Economic Calculation? 18th Century Illusionistic Altars in the Territory of Today’s Slovakia

Jurnal Perspektif Pembiayaan dan Pembangunan Daerah

View Publication Info
 
 
Field Value
 
Title Economic Calculation? 18th Century Illusionistic Altars in the Territory of Today’s Slovakia
Ekonomiczna kalkulacja? Ołtarze iluzjonistyczne XVIII wieku na terenie Słowacji
 
Creator Kolbiarz Chmelinová, Katarína
 
Description The majority of the 18th century altars in Central Europe are objects made of polychromed wood, stucco, or stone. There are, however, other altars whose retabula – as a whole or predominantly – take the form of a wall painting. The basis for these works is a spatial and material illusion, which imitates the presence of a real reredos within the painting, and in some cases even the imagined space around it. The beginnings of the monumental, architecturally illusionistic murals in Central European art are undoubtedly connected with the Viennese activity of Andrea Pozzo in the early 18th century, and his famous treatise entitled Perspectiva pictorum et architectorum. The principia of new formal achievements, instilled in the Habsburg capital, subsequently radiated ontowall painting, including the illusionistic altars of various kinds and constructed at different timeswithin neighbouring countries. In Slovakia, painted, illusionistic altars have not so far been the subject of systematic research. Over the centuries, numerous such altars have either been destroyed or preserved in a truly terrible condition. Thus, this article is the first to present a summary view on such types of works in the region, with the elaboration of a new, basic, chronological and typological order. The initial part of the article is devoted to the presentation of the fewdirect reflections of Pozzo’s works, which were created in the first half of the 18thcentury. The review begins with the works by Christoph Tausch (Banska Štiavnica), Pozzo’s protegeand assistant, which are known only from archival citations and references. The next stage of the development of illusionistic altars, dated to the mid-18thcentury, is represented by a set of six wall paintings from temples in the Banska Štiavnica Calvary between 1744 and 1751. These works, referring to Pozzo’s achievements and the Viennese art, were created by Anton Schmidt (1713-1773), a graduate of a local art academy. On the one hand, the paintings had been ordered from a leading regional artist, and on the other hand, the applied technique entailed a pragmatic reduction in time, costs, and the occupied space within the temples. Broadly speaking, however, illusionistic altars had not gained popularity by the first half of the century, unlike in Austria, Bohemia and Silesia, and they were created in an updated form, including the latest artistic trends of the time. The apogee of the whole process dates to the last three decades of the 18thcentury and includesthe works that cultivated both solutions representinglate Baroque and Rococo styles, and the features of early Classicism. Model examples are the painted decorations within the presbytery of the church of the Pauline Fathers in Šamorin from 1778, initialled with the monogram of F.S. (and made in accordance with an older model, patterned on the work by Paul Heineken), and a series of illusionistically painted retabulain the Premonstratensian church in Košice, created in the late 18th century by Erasmus Schrott (1755-1804), who was closely linked to Viennese circles. A further part of the article discusses a group of miscellaneous works – at times simpler and cheaper – which graced a series of parish churches. The introduction,in the territories of today’s Slovakia, and the subsequent growth in popularity of a particular type of altar retabulum, created by means of a wall-painting technique (mainly fresco-secco) dates to the 18th century, with its apogee in the final three decades of the century. Typologically, it was dominated by tectonic reredoses, with various degrees of complexity – from simpler variants of aediculae, through a pillared niche and a colonnade, to Apsisaltar. Sometimes, these are also imitations of canopy-type altars or altars with an applied motif of a canopy in the central axis or in the topping. Occasionally, there are also imaginations of an illusionistically painted ceremonial drapery in the background. In the case of illusionistic altars, just like for the remaining types of architectural wall painting, an important role at the designing stage was played by architectonic treatises and patterns. In the said territory, particular popularity was enjoyed by Andrea Pozzo’s treatise, with others including the works by Heineken, Galli-Bibiena and Schubler. It must also be stated that after the second half of the 18th century, no major changes were implemented, and the older patterns and models, already rooted in the tradition, were chiefly updated by means of more modern ornaments. It was not until the last three decades of the century that the post-Pozzo tradition began to recede at the expense of simpler structures which complied more aptly with the spirit of the incoming Classicism. In the entirety of the illusionistic painting – both decorations of vaults and retabula – an important role was played by the Viennese centre of art, and not only in reference to the territories of today’s Slovakia, but also to Central and East-Central Europe. A significant number of wall-painting authors remain unknown,and as far as the issue of orders is concerned, it is impossible to ignore the fact that these works were most popular among the representatives of the Roman Catholic Church. It is also quite obvious that painted altars were more inexpensive, less time-consuming to complete, and easier to undergo modifications in due course. Illusionistic altars, created in the northern part of the former Kingdom of Hungary in the 18th century,had numerous imitations in the subsequent century. The last part of the paper presents the continuation of the tradition, including historicising works illustrated with an example of the work of the Franciscan painter Konrad Švestka (1833-1907).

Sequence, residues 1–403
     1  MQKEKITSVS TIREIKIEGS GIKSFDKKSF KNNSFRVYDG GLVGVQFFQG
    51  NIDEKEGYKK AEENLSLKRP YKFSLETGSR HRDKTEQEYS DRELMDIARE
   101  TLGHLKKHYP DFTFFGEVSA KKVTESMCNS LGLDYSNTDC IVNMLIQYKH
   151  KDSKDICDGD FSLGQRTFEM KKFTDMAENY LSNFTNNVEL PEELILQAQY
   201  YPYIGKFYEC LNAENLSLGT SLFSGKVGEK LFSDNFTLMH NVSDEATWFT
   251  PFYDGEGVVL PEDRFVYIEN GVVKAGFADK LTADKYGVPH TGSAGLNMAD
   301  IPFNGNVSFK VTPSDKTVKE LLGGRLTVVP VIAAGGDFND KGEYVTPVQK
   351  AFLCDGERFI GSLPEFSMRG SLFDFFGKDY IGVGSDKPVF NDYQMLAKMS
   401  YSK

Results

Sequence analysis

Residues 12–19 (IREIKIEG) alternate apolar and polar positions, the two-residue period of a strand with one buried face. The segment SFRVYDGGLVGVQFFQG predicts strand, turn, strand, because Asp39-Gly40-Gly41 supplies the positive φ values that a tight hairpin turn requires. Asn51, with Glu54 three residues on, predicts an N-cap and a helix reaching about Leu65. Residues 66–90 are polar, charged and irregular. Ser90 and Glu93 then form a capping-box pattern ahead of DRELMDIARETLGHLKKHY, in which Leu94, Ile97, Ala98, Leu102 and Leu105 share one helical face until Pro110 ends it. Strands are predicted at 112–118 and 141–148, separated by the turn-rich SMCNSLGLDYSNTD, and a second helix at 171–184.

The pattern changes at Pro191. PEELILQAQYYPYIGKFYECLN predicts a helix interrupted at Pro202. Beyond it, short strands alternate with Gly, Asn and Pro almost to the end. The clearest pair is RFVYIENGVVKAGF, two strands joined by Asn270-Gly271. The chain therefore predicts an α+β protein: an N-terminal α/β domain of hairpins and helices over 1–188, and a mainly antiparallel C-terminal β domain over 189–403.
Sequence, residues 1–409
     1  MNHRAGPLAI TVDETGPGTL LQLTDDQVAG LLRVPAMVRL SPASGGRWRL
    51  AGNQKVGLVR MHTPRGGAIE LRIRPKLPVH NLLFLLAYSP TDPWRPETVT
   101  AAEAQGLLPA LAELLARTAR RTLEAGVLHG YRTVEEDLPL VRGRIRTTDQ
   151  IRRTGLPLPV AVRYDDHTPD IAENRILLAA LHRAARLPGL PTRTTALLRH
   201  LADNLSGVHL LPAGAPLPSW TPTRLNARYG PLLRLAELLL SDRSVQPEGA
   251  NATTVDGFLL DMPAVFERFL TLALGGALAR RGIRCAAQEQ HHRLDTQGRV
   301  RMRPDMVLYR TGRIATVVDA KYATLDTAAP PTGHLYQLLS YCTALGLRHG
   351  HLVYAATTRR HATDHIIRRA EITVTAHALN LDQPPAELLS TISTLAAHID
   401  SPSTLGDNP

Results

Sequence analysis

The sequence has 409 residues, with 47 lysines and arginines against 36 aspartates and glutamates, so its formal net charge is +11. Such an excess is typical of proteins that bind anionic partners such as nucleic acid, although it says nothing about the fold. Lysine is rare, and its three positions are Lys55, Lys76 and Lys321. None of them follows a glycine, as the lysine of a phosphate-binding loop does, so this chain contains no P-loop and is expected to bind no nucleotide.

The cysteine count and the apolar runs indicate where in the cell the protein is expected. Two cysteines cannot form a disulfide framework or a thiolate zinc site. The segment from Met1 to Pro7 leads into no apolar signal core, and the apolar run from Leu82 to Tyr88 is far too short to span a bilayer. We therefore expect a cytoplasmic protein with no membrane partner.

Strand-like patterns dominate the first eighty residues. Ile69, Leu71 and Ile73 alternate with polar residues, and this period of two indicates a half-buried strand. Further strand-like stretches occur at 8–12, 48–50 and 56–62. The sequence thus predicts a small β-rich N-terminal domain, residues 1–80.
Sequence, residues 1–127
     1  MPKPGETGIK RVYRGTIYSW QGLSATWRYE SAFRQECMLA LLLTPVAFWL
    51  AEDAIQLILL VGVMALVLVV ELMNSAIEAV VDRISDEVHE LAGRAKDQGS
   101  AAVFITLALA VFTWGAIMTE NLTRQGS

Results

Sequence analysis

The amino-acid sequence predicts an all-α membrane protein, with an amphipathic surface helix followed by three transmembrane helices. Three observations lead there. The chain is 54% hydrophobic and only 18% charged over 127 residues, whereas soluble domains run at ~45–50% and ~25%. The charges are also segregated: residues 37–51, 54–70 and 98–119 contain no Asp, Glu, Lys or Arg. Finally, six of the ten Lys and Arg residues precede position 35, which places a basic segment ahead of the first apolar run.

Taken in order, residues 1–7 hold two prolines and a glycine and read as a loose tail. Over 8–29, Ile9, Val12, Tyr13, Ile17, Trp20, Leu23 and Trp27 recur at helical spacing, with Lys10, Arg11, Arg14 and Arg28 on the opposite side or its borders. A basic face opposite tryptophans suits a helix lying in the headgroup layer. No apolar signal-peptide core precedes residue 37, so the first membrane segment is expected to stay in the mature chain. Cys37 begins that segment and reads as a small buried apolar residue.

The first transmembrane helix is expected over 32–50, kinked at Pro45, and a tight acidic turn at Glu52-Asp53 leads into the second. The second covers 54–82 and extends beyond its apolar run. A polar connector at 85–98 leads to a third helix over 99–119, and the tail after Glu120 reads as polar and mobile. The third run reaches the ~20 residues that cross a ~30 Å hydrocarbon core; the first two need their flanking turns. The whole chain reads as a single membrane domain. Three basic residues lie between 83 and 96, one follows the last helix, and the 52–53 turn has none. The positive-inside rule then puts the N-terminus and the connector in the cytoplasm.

Publisher Wydawnictwo Uniwersytetu Łódzkiego
 
Date 2018-06-30
 
Type info:eu-repo/semantics/article
info:eu-repo/semantics/publishedVersion
 
Format application/pdf
 
Identifier https://czasopisma.uni.lodz.pl/tech/article/view/4604
10.18778/2084-851X.05.08
 
Source TECHNE. Seria Nowa; No 1 (2018); 147-176
TECHNE. Seria Nowa; Nr 1 (2018); 147-176
2084-851X
 
Language pol
 
Relation https://czasopisma.uni.lodz.pl/tech/article/view/4604/4057
 
Rights http://creativecommons.org/licenses/by-nc-nd/4.0
 

Contact Us

The PKP Index is an initiative of the Public Knowledge Project.

For PKP Publishing Services please use the PKP|PS contact form.

For support with PKP software we encourage users to consult our wiki for documentation and search our support forums.

For any other correspondence feel free to contact us using the PKP contact form.

Find Us

Twitter

Copyright © 2015-2018 Simon Fraser University Library